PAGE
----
Contaminated and scarce water owing to Israel’s brutal siege and bombing of infrastructure leads to death and disease.
A Palestinian woman bathes her son with water from a tank filled by a charity inside their dwelling in Khan Younis in the southern Gaza Strip July 3, 2017 [Mohammed Salem/Reuters]
Sandy Tolan, Al Jazeera, 29 Oct 2018
This article is the first of a two-part series on Gaza’s water crisis. The second, which examines solutions to Gaza’s water and health catastrophe, was published on Tuesday, October 30.
Gaza – The unshaven doctor with circles under his eyes enters the children’s ward at Al Nassar hospital in Gaza City. It’s a Thursday evening, almost the weekend. The ward is bleak and eerily quiet, but for the occasional wail of an infant.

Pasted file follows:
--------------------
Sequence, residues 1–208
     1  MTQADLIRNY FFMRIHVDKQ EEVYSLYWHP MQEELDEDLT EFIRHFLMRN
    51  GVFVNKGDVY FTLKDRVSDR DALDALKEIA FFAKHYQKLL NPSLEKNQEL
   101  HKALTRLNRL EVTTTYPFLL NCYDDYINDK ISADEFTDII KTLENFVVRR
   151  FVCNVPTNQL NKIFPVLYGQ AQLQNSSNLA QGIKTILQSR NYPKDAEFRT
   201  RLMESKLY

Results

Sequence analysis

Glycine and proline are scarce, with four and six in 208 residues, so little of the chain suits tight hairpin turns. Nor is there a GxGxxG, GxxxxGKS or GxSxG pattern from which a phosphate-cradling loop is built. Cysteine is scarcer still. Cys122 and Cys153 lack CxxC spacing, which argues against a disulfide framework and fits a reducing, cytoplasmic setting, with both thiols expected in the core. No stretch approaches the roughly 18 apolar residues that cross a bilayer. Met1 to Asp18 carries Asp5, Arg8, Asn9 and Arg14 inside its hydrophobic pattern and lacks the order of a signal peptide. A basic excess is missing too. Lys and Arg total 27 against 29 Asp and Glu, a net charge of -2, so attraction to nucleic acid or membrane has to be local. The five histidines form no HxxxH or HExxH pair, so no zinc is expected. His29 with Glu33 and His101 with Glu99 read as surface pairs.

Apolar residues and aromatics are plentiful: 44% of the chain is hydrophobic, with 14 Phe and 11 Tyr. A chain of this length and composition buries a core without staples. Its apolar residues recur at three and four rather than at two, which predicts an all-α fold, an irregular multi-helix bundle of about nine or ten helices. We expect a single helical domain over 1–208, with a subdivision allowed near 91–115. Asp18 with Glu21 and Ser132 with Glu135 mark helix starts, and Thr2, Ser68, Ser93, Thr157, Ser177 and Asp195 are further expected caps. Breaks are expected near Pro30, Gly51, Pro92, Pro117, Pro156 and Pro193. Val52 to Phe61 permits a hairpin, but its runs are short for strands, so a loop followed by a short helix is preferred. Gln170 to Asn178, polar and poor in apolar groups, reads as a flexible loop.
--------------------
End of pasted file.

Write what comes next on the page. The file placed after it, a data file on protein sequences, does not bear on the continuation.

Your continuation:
At each cubicle, sectioned off by curtains, it’s a similar image: A baby lies alone in a bed, hooked up to tubes, wires and a generator; a mother sits in silent witness at the bedside.
Dr Mohamad Abu Samia, the hospital’s director of paediatric medicine, exchanges a few quiet words with one mother, then gently lifts the infant’s gown, revealing a scar from heart surgery nearly half the length of her body.
At the next cubicle, he attends to a child suffering from severe malnutrition. She lies still, her tiny body connected to a respirator. Because electricity runs only four hours a day in Gaza, the baby must stay here, where generators keep her alive.